Case Study

Grafana Security

How Grafana Security is using Dapr to improve vulnerability scanning


Grafana open source software empowers users to query, visualize, alert on, and explore metrics, logs, and traces, regardless of their storage location. Grafana OSS equips users with tools to transform time-series database (TSDB) data into insightful graphs and visualizations. The Grafana OSS plugin framework also allows integration with various data sources such as Prometheus, NoSQL/SQL databases, ticketing tools like Jira or ServiceNow, and CI/CD tools like GitLab.

Grafana Labs offers cloud services on top of this open source software, also including proprietary code with extra features such as RBAC, incident handling, and improved ease of use. Grafana is dedicated to providing customers, whether on-premise or Cloud as-a-service, with software free from vulnerabilities. To aid our engineers in resolving third-party vulnerabilities, the Grafana Security team needed a continuous scanning solution for container images from diverse sources and repositories, both public and private on GitHub.

Grafana Labs’ software, like many others, relies on numerous dependencies, each with potential vulnerabilities that need to be tracked and mitigated. We perceived this as an observability challenge, aligning with our core expertise in solving such problems.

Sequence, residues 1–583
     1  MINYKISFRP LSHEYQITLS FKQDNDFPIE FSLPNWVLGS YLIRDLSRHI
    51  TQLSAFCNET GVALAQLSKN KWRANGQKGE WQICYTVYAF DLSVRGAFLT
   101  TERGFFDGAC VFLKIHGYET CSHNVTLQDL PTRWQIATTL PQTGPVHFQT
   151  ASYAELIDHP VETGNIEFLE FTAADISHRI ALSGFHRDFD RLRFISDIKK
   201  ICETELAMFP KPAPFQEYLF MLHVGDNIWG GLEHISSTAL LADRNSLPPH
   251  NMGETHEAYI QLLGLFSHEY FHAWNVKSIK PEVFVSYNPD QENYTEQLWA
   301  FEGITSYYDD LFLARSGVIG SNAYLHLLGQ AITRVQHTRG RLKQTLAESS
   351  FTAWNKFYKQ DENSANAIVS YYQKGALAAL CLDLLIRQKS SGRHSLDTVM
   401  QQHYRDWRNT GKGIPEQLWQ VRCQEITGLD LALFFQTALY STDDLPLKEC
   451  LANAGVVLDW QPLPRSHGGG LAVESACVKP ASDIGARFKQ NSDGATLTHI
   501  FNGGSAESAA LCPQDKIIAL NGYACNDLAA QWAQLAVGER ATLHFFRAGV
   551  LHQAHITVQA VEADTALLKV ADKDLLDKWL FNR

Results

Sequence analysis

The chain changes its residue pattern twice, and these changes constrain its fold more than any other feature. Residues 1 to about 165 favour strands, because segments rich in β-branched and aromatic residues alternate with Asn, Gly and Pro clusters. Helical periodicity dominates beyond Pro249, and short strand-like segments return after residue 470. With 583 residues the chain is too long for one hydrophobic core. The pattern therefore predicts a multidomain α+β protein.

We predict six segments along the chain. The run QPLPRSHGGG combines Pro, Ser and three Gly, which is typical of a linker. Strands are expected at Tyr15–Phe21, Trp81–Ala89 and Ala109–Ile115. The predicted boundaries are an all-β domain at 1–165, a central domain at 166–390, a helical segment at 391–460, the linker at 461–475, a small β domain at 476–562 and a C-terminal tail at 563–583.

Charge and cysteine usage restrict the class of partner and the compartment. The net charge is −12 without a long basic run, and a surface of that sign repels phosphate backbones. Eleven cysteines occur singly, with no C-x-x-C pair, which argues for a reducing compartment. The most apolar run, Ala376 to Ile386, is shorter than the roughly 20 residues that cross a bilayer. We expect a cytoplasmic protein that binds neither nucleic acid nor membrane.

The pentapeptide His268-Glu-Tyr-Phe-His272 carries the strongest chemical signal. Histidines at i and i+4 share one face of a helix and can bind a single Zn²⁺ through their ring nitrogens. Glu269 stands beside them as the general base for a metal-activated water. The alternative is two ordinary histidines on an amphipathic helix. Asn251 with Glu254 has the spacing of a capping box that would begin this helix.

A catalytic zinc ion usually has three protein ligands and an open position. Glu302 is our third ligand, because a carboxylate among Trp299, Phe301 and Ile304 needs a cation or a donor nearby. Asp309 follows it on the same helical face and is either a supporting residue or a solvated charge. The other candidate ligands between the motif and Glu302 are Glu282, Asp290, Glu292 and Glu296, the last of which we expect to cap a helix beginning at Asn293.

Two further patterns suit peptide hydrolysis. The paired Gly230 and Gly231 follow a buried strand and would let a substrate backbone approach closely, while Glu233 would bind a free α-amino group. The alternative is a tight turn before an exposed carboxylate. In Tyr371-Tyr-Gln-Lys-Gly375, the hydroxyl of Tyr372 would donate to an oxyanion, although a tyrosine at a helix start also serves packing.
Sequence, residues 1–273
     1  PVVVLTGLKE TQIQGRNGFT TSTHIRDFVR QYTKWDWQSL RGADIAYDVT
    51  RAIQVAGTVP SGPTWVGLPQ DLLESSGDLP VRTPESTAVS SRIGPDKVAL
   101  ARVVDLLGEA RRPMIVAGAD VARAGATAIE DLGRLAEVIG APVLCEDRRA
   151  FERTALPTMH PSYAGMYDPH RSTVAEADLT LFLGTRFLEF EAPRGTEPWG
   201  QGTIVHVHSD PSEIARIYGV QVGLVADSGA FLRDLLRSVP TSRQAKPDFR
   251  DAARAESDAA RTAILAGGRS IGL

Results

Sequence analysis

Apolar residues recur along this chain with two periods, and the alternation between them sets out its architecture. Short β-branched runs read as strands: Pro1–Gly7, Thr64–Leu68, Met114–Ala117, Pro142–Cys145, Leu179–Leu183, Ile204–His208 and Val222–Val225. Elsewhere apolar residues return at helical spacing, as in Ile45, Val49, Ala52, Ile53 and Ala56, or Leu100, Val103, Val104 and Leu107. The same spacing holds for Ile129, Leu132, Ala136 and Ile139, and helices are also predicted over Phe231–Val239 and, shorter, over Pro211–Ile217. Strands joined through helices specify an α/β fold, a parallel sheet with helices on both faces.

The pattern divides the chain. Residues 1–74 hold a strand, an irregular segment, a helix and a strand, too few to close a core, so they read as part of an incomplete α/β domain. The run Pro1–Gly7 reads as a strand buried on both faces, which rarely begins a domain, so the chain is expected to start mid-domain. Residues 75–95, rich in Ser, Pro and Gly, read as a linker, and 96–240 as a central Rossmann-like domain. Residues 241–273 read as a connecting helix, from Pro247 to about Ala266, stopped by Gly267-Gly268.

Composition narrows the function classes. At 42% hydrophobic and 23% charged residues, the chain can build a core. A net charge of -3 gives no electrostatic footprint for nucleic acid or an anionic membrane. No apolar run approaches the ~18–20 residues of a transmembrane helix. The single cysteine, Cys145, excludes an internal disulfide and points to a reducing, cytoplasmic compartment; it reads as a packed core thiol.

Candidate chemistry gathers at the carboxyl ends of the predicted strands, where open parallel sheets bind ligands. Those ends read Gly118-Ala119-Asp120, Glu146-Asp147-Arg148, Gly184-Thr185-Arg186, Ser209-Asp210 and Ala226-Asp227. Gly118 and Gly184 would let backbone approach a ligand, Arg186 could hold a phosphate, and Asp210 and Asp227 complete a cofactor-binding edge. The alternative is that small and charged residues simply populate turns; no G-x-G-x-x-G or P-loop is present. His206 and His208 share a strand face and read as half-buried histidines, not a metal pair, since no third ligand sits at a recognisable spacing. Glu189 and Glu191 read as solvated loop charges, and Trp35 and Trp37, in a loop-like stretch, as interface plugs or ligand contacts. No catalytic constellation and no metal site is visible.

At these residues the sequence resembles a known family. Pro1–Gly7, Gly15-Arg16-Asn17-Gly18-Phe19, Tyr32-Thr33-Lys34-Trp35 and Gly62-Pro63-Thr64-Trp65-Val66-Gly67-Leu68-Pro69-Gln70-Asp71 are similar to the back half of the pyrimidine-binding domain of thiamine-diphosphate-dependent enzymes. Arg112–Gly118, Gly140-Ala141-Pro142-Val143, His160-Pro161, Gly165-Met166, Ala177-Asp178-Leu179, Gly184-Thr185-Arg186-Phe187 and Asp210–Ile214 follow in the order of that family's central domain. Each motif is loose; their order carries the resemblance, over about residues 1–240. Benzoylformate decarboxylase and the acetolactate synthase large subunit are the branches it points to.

While many SaaS companies offer vulnerability detection services, these can become costly and their results challenging to consolidate, often locking users into proprietary platforms. Therefore, we developed our own light scanning solution, allowing us to expose vulnerability data within Grafana, a tool familiar to all our engineers.


Vulnerability scanning can be a time-consuming process, with targets coming from different sources at various times. No scans should be missed, and failures should trigger automatic retries.To create a reliable and robust scanning architecture, we implemented a solution running on AWS managed Kubernetes and Dapr, forming the foundation of our event-driven architecture.

A look at the event-driven architecture

Our architecture can be divided into four principal areas: publishers, subscribers and publishers, subscribers only, and visualization and notification modules.

1. Publishers

These are the pods / cron jobs that will send events. Scans  may run on a daily basis, on demand from developer requests or based on webhooks received.

Example workflow with container exporter cronjob:

Let’s illustrate one workflow. While a team of developers can configure some webhooks to have instant scanning of their freshly built releases, they also may want to monitor some of their previous releases that could need security patches. In order to do so, they create a pull request in a dedicated configuration GitHub repository, specifying configuration items such as the container image name, amount of tags to scan, notification preferences, etc.